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Autism Spectrum Disorder (ASD) and the Autonomic Nervous System

Authors:
  • The National Institute of Neurology and Neurosurgery, Havana, Cuba
  • Institute of Neurology and Neurosurgery Havana Cuba

Abstract and Figures

In this study we will try to show you some facts, commentaries and technological approaches, related with the study of that frequently forgotten, but integral and vital part of our Nervous System: the Autonomic Nervous System, in such a sensible, complex and challenging Medical Problem: the Autism Spectrum Disorder. A standard query to the Pubmed NLM database revealed a relatively high number of items using as medical subject heading (MeSH) the compound terms: “autism” OR “autistic” (24,735 items). The addition to the basic query of widely used clinical neurophysiological ancillary tests (“EEG”, “evoked potentials”, “coherences”) showed very low number of items (from 0.11 to 1.52 %) for a problem whose origin everybody must suspect that has a brain source, and autonomic terms added to the basic query (“autonomic”, “stress”, “heart rate”, “parasympathetic” or “sympathetic”) also showed so low values (from 0.036 to 0.40 %) that to say the less, it seems that autonomic complaints are not present in the ASD. Recently, was accepted for publication one study including qEEG and coherence analysis [Machado, C., Estévez, M., Leisman, G., Melillo, R., Rodríguez, R., DeFina, P.et al. (2013) "QEEG spectral and coherence assessment of autistic children in three different experimental conditions." J Autism Dev Disord (in Press)] and as a result of this experience and of theoretical considerations, we have found very important to include in next studies the assessment of the Autonomic Nervous System. Our basis to this decision is the main goal of this brief communication.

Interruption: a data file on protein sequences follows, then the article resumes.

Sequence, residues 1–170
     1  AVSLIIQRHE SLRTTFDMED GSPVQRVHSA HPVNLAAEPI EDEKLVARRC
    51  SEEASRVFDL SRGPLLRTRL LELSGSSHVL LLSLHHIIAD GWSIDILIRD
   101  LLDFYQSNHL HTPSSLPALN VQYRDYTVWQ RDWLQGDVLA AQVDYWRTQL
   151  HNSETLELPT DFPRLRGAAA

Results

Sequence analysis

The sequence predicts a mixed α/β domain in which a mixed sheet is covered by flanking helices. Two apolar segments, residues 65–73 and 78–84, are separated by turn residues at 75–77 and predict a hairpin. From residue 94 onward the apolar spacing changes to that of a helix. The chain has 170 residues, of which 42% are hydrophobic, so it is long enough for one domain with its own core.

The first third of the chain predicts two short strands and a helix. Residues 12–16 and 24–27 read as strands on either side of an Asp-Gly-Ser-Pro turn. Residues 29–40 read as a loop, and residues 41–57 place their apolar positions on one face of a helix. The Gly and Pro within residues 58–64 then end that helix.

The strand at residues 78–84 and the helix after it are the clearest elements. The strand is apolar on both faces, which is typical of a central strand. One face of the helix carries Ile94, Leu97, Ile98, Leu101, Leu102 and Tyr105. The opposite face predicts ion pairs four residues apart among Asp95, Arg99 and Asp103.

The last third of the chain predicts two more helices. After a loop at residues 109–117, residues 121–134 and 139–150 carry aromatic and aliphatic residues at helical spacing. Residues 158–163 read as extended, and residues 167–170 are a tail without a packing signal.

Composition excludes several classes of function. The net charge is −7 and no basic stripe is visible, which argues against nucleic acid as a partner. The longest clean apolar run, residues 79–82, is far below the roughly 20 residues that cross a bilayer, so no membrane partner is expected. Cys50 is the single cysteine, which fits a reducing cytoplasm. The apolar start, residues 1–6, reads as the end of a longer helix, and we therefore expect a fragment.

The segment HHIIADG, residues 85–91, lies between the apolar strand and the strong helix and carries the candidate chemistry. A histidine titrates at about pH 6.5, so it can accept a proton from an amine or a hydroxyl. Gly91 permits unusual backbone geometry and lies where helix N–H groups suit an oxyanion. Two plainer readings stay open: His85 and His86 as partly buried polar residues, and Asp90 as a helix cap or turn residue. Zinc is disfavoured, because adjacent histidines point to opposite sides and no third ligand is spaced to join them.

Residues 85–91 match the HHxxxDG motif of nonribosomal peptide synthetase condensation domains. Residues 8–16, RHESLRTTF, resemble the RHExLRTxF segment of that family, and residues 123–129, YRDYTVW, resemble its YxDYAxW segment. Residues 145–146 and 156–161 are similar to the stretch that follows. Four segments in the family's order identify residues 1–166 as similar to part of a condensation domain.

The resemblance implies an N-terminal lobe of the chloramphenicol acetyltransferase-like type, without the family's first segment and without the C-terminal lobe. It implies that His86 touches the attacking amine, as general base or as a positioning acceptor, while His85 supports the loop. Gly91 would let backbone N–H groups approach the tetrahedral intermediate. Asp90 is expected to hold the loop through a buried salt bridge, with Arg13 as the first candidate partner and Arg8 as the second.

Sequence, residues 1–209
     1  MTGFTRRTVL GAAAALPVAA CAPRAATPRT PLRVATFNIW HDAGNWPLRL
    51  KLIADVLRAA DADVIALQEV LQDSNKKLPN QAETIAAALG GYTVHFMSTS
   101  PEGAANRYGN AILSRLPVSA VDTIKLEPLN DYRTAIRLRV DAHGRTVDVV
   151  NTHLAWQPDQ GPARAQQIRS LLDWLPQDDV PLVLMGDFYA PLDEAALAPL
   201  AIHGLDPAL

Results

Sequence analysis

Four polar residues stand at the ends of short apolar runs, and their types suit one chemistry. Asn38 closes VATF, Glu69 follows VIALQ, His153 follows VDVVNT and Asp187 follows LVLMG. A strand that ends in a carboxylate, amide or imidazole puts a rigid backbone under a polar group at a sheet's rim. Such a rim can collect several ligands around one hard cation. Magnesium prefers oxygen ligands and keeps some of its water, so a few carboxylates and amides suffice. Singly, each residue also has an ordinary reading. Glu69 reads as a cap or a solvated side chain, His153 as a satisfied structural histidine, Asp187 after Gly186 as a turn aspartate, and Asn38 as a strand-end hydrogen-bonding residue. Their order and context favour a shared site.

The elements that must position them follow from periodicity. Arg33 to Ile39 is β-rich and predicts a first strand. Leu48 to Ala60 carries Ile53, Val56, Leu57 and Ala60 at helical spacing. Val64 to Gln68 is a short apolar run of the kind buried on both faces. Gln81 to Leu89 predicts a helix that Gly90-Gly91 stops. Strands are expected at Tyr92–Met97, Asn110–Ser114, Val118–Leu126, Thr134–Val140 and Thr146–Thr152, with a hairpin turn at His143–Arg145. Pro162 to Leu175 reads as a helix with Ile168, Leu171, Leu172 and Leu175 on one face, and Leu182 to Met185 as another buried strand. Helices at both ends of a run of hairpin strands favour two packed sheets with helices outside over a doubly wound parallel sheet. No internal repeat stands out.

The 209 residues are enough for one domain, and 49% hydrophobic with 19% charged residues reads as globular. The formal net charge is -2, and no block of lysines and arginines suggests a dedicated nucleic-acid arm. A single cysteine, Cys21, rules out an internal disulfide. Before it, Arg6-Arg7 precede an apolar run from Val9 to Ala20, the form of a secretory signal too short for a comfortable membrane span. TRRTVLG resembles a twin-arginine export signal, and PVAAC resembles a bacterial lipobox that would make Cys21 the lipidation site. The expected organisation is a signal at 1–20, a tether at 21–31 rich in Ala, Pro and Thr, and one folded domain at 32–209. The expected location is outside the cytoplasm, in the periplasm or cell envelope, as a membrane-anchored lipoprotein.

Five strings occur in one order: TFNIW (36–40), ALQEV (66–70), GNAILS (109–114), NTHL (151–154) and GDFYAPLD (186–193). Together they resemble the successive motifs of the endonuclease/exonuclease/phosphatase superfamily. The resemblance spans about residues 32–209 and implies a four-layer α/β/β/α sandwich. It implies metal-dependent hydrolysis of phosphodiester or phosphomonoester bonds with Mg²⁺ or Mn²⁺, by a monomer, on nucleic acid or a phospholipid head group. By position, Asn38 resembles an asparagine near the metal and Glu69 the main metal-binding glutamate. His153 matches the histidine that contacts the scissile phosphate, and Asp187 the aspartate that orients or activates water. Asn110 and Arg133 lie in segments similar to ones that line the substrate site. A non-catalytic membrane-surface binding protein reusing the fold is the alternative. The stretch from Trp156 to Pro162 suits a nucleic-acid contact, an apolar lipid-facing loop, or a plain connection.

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Estévez
1
, M., Machado
1
, C., Estévez-Hernandez
2
, T., Leisman
3,4,5
, G., Hernández-
Cruz
1
, A., Rodríguez-Rojas
6
, R., Arias-Morales
1
, A., Melillo
3,4
, A., and R. Naranjo
1
.
Autism Spectrum Disorder and the Autonomic Nervous System.
(
1
)Institute of Neurology and Neurosurgery, Habana, Cuba; (
2
)Pontifical Catholic University of Puerto Rico; (
3
)Institute for
Brain & Rehabilitation Sciences, Nazareth, Israel; (
4
)F. R. Carrick Institute for Clinical Ergonomics, Rehabilitation, and
Applied Neurosciences (CERAN), Garden City, New York, USA; (
5
)Biomedical Engineering, ORT-Braude College of
Engineering, Carmiel, Israel; (
6
)International Center of Neurological Restoration, Havana, Cuba
Dear Chairman, Fellows of the International Academy of Functional Neurology and
Rehabilitation, Colleagues, Friends.
I am very grateful to Professor Machado for his kind previous presentation, and just
would like to add a few words about my father, Prof. Mario Estévez Báez, who was
confident that I could present you some of his ideas about this scientific and social
problem, the Autism Spectrum Disorder.
I ask your permission to read this brief information:
My father was born in Cuba in 1942. He graduated as a Medical Doctor, at the then
single National Faculty of Medicine in Cuba in 1965. In 1972 he became a Specialist in
Physiology.
For some years worked as a scientist in the field of Military Aviation Medicine. From
1977 to 1980 developed special studies in the Institute of Experimental Medicine at the city
of Saint Petersburg in Russia (then Leningrad) under the guide of late Prof. N.P.
Bechtereva, and obtained a PhD degree in Medical Sciences. In parallel, since 1978, he
began to work in the organization of the scientific works associated with the experiments to
be developed in the cosmic flight of the Cuban Cosmonaut “Arnaldo Tamayo Méndez”.
From 1982 to 1992 he continued working in the Soviet Spatial Program